By the time we got a few miles into the hike, we had seen only a few additional hikers. It was then, too, that the path started veering back toward the wooded areas. The woods were just as beautiful as the cliffs, but (again) in their own way. There was an entire section of the forest floor in which hikers over the years had decorated with small cairns.
What we quickly found was that we were already nearing the end of the trail. We began to get further and further re-ingrained into humanity as we saw small businesses and little signs. Before we knew it, we were walking down the steps that signified the end of the portion of the trail into Nocelle, and facing Lemon Point.
One of the pages we had read said that drinks at Lemon Point were like a “rite of passage” for hikers of The Path of the Gods. By the time we reached the tiny stand, the lemon slushies were definitely calling our names. The friendly man in the stand gave us each small samples of the lemon slushies, made with freshly squeezed local lemons. They were so, so good. Whoever said it was a rite of passage was definitely correct. We sat near the stand, looking out over the coastline, soaking in the views as we sipped on our slushies.
The moral of the story is that this hike was much simpler than we expected, but still just as beautiful as advertised. We should have listened to the hiking guides that said it was an easy to moderate hike because it definitely was. It was a leisurely and beautiful 3-ish miles of wonderful views of Italy we will never forget.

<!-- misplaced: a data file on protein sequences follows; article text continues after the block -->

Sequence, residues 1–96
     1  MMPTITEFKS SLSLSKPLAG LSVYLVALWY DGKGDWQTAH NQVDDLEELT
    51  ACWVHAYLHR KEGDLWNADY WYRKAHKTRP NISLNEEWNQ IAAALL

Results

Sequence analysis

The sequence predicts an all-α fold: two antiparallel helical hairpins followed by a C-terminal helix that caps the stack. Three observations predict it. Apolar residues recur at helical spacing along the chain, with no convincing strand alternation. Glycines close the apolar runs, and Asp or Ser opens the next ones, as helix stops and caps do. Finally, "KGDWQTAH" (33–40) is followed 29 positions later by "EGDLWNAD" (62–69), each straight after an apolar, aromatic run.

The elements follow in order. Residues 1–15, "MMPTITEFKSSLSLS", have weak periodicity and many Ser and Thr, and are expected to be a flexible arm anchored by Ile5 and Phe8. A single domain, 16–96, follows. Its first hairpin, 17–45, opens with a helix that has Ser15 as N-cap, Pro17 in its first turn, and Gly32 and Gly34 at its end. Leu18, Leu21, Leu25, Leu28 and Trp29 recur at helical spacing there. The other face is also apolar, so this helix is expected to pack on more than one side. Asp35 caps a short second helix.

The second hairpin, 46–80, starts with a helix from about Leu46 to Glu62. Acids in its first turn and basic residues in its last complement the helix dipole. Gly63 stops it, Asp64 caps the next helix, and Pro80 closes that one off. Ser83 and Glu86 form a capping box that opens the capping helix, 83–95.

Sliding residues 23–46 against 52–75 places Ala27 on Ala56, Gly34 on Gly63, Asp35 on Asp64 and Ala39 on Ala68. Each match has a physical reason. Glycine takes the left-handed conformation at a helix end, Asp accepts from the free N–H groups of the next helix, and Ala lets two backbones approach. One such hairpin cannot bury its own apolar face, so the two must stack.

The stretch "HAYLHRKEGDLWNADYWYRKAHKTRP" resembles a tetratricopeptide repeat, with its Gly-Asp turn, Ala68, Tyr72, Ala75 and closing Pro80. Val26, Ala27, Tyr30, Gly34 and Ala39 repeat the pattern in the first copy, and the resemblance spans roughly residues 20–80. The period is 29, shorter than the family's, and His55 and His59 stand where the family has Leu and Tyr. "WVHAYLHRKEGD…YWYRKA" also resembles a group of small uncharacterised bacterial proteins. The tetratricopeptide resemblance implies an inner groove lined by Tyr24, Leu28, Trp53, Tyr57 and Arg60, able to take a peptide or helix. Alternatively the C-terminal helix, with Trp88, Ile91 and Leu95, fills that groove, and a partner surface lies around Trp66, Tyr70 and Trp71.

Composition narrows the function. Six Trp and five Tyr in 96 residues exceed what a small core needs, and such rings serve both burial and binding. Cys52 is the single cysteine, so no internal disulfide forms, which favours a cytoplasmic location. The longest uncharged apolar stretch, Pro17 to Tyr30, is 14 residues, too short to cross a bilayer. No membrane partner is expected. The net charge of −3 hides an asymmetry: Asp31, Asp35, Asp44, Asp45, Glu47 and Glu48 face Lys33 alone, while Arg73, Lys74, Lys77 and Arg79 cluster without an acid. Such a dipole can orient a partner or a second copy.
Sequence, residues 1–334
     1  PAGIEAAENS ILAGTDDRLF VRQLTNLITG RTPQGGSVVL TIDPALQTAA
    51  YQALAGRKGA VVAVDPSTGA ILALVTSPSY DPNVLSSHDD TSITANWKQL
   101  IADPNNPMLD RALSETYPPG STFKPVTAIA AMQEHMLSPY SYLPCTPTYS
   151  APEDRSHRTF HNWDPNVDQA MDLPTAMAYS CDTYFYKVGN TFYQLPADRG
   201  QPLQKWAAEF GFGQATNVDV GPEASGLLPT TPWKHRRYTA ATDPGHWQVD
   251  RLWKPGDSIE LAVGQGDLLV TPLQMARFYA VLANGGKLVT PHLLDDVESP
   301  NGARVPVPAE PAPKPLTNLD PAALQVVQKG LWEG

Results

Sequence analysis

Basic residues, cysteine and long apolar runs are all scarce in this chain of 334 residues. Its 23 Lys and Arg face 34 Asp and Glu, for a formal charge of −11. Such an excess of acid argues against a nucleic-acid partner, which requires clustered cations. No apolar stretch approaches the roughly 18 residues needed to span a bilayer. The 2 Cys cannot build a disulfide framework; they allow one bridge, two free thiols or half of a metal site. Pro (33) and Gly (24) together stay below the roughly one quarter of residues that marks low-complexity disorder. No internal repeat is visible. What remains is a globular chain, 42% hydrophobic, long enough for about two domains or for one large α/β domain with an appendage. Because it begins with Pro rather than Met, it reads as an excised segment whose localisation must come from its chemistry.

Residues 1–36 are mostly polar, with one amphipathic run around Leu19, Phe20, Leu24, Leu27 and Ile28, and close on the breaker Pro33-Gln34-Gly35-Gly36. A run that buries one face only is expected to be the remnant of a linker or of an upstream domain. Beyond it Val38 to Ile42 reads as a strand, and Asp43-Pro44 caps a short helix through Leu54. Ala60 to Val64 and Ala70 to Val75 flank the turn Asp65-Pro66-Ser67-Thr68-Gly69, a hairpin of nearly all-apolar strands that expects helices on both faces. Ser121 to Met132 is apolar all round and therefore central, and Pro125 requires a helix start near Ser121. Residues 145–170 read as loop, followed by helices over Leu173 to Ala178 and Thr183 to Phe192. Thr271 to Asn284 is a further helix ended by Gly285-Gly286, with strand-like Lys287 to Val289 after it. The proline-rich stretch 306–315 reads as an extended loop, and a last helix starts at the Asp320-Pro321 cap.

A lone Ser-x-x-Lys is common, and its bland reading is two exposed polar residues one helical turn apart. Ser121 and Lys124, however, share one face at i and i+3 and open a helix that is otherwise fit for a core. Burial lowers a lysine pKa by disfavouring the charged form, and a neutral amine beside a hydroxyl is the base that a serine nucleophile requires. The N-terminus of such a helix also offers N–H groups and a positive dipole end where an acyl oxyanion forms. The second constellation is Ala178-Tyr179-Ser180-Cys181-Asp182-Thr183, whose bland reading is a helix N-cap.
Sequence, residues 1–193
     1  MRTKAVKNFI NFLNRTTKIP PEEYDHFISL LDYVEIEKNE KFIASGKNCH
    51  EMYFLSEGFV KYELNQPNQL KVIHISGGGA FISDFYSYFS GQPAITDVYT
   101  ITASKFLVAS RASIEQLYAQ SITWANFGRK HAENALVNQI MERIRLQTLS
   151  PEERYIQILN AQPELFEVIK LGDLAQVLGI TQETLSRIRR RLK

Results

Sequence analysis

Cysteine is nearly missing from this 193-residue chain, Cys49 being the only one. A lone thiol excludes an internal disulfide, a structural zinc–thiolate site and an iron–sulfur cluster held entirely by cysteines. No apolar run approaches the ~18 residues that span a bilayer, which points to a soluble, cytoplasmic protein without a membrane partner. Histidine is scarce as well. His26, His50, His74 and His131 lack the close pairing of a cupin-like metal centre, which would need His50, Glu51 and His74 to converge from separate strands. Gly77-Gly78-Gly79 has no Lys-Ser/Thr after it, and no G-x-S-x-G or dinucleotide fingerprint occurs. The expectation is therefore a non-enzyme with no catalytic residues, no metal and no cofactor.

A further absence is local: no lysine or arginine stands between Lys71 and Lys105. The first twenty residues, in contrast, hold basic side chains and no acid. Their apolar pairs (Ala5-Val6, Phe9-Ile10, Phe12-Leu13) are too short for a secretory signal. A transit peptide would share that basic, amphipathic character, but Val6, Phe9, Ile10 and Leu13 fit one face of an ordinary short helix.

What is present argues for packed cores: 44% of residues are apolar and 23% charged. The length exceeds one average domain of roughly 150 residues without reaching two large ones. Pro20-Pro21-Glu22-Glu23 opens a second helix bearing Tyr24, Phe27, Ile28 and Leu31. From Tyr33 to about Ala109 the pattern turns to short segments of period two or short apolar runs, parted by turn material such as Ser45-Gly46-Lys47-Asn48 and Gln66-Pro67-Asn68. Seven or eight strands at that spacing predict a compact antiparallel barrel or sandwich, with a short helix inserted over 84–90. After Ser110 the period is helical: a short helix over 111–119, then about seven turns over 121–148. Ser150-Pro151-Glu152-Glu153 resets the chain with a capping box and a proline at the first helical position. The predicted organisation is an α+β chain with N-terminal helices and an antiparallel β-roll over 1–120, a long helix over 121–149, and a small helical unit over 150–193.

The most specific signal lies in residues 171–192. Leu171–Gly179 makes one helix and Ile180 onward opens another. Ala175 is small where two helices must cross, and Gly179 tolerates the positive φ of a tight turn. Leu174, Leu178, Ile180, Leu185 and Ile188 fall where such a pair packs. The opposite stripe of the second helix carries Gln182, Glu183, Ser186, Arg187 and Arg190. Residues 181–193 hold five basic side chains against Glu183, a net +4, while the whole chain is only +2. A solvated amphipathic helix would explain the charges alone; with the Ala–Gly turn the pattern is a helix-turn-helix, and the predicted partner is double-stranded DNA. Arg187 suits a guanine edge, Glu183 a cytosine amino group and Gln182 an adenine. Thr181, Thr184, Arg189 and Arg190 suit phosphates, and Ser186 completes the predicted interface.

For those interested, the path does continue past Nocelle. We did not take the additional path, as we had already worked out a meeting point with our friends for our ride back out. Had we known the hike was truly so short and simple, we would have definitely continued on to the next town to complete the hike. That being said, the views the hike to Nocelle provide are incredible and we still walked away feeling completely fulfilled by the adventure.
Now, I didn’t just research The Path of the Gods hike. I briefly looked into other hikes, but found a lot of them to either be too far away or unable to fit into our itinerary. I also very early on in my research found that The Path of the Gods hike was listed as one of the very top must-do hikes in Italy. With that, although I didn’t research very far into the others, I have to at least share some of the lists of other hikes in Italy that I found:
Mount Vesuvius Hike (the hike we almost completed)
As the 2023 Italy chapter of our lives and the blog come to an official close, it is time for us to start planning for our annual Colorado trip and the next vacation after that, which will be sometime in the fall. As I mentioned in my previous post, I am a firm believer that we should always have future trips at least tentatively planned. We may not know yet where our next trip is after Colorado, but we definitely have some ideas.
There’s a saying that goes, “Stop waiting for Friday, for summer, for someone to fall in love with you, for life. Happiness is achieved when you stop waiting for it and make the most of the moment you’re in now.” (Author Unknown) I think it is truly important to live in the moment. However, I also believe we need things to look forward to. It’s so much easier to get up every day and enjoy the work week, the daily grind, the normalcy of life – when there is something to be working toward coming up on the horizon.
My advice? Live fully in the moment, but never feel bad to also be excited for the weekend and the future.